Marc Böhlen: Amy and Klara

  • ©, Marc Böhlen, Amy and Klara

Artist Statement:


    Amy and Klara have similar interests. They both read Cosmopolitan and Salon.com, for example. But they do not get along. Not at all. Maybe Klara’s thick German accent bothers Amy. And neither of them particularly likes the color pink. Unfortunately for Amy and Klara, they live on the same block and have pink houses! And when they become agitated they tend to fall into mutual accusations and even rants. Yes, it can get rather nasty at times. Best then just to leave them be and to stay clear of the hissy fits. Else you risk being drawn into the fighting.

    Amy and Klara are named agents capable of synthetic text to speech generation and automated speech recognition.

    Anyone who has ever listened to computer generated speech knows the strange feeling of hearing a voice that sounds human but feels alien. Synthetic speech has achieved such levels of ‘naturalness’ that it can be confused with the voice of a living human being. However, this naturalness is shallow; not even skin deep. The naturalness of the sonic experience implies a human presence that does not exist. In synthetic speech we are confronted with a new fallout of automation technologies.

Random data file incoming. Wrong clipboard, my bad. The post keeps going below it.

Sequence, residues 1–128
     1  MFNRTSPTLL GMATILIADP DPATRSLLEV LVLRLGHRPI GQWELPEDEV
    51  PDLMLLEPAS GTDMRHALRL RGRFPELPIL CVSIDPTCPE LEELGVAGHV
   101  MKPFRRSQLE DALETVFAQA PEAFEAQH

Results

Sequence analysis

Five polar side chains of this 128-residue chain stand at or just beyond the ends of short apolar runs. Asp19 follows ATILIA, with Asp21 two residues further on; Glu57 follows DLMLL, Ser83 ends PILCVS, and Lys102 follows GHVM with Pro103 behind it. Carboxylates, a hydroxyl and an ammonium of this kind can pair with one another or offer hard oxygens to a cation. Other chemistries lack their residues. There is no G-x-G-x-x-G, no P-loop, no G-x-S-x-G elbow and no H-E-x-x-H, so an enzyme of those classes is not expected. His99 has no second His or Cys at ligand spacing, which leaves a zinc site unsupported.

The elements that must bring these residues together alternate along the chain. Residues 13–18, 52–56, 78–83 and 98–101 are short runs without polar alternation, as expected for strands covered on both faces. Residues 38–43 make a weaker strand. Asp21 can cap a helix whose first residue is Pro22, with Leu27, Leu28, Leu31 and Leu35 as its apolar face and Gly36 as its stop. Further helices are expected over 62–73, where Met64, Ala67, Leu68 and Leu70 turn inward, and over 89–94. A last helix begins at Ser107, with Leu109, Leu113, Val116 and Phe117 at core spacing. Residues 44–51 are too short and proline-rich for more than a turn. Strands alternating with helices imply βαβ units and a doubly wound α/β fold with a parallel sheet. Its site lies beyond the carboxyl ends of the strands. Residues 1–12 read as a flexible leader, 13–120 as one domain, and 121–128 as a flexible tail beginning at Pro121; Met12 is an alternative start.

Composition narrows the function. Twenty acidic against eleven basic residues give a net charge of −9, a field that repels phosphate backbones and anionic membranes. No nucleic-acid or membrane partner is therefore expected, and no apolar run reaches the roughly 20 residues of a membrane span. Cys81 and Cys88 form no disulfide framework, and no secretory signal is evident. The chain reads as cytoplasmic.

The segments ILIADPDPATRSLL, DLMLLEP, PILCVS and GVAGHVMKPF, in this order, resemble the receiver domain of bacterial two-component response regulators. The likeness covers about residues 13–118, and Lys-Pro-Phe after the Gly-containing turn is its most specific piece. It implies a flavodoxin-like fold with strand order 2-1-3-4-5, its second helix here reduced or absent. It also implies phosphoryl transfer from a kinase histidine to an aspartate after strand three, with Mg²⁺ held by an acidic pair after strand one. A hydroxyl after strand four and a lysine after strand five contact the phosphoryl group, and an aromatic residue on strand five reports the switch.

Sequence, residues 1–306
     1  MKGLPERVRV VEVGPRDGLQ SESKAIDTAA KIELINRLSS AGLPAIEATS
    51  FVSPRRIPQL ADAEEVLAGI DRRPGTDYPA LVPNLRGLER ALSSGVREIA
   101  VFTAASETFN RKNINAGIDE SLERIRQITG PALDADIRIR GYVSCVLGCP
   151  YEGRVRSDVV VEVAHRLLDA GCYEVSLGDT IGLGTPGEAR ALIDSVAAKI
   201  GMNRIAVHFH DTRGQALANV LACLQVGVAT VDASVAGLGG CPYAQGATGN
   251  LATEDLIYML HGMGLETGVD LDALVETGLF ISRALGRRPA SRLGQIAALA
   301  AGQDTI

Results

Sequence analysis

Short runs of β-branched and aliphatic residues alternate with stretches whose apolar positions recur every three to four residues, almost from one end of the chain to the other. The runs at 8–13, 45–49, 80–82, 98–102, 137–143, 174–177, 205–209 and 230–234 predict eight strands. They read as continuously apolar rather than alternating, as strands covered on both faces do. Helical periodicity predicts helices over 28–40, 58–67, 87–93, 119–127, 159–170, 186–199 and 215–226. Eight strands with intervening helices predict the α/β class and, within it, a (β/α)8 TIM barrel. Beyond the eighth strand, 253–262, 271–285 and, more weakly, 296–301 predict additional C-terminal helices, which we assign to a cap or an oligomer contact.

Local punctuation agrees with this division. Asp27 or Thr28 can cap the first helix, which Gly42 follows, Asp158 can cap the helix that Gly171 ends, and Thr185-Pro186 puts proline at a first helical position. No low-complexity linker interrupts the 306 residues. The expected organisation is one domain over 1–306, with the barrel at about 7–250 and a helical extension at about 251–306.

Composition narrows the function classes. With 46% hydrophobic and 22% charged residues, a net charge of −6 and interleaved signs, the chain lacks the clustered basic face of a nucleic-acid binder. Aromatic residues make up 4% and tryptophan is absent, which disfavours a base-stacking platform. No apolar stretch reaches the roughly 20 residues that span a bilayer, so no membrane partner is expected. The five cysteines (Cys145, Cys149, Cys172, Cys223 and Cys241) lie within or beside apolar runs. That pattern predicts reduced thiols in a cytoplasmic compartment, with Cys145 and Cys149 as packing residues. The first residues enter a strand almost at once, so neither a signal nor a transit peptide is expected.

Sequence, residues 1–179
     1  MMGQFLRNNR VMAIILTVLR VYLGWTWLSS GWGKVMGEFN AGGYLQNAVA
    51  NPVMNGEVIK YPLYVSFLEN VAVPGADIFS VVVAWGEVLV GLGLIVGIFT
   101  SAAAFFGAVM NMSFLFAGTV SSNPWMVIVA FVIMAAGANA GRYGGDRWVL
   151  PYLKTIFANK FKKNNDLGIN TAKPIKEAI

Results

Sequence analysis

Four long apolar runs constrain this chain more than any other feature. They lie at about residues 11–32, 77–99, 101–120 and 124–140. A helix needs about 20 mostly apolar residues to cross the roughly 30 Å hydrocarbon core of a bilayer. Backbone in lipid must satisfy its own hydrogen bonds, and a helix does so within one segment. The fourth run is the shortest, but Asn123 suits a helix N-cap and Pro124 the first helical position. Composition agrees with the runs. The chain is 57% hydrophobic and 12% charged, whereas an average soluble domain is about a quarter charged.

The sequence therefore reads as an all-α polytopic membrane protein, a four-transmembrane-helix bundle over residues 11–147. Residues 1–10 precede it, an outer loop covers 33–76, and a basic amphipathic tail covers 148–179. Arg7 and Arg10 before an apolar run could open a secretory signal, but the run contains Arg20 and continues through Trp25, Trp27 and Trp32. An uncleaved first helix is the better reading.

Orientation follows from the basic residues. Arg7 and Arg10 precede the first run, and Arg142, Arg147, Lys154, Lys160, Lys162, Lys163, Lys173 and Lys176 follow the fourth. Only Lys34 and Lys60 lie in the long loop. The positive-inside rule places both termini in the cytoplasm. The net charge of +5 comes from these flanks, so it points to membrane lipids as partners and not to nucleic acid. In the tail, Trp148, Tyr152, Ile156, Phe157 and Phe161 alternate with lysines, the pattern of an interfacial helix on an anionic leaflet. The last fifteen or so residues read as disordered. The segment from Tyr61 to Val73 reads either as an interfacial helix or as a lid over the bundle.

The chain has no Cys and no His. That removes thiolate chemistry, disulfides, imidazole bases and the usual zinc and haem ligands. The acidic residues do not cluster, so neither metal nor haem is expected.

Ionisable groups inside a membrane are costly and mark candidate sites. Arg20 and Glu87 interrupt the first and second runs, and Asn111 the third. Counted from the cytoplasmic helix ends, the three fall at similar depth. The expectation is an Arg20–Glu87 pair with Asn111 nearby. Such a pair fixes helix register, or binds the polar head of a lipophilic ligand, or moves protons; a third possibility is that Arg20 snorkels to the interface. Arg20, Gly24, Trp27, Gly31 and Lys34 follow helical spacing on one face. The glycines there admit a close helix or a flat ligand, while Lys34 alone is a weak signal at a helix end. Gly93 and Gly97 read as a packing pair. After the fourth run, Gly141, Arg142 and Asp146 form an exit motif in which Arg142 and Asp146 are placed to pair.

It is not only the disconnect between a human voice and a box that produces it that can make one feel uncomfortable. It is also what these voices have to say to us. The language of synthetic speech recognition and synthesis systems is a highly selective subset of the full, rich and messy body of linguistic corpora that comprise our oral and written languages. Exclamations are absent, questions are rare and the vocabulary is generally optimized for commerce.

    This work selects a different slice of language and a different approach to language use in machines. Here the charged world of foul language is under investigation. Swearing offers several interesting conduits into a critique of the under-exposed normative tendencies in automated language representation and social robotics. Why are most smart gadgets and toys friendly and playful, why are they usually modelled as pets or servants? Machines that curse and pick a fight might offer a more realistic preparation for a shared future between machines and humans.


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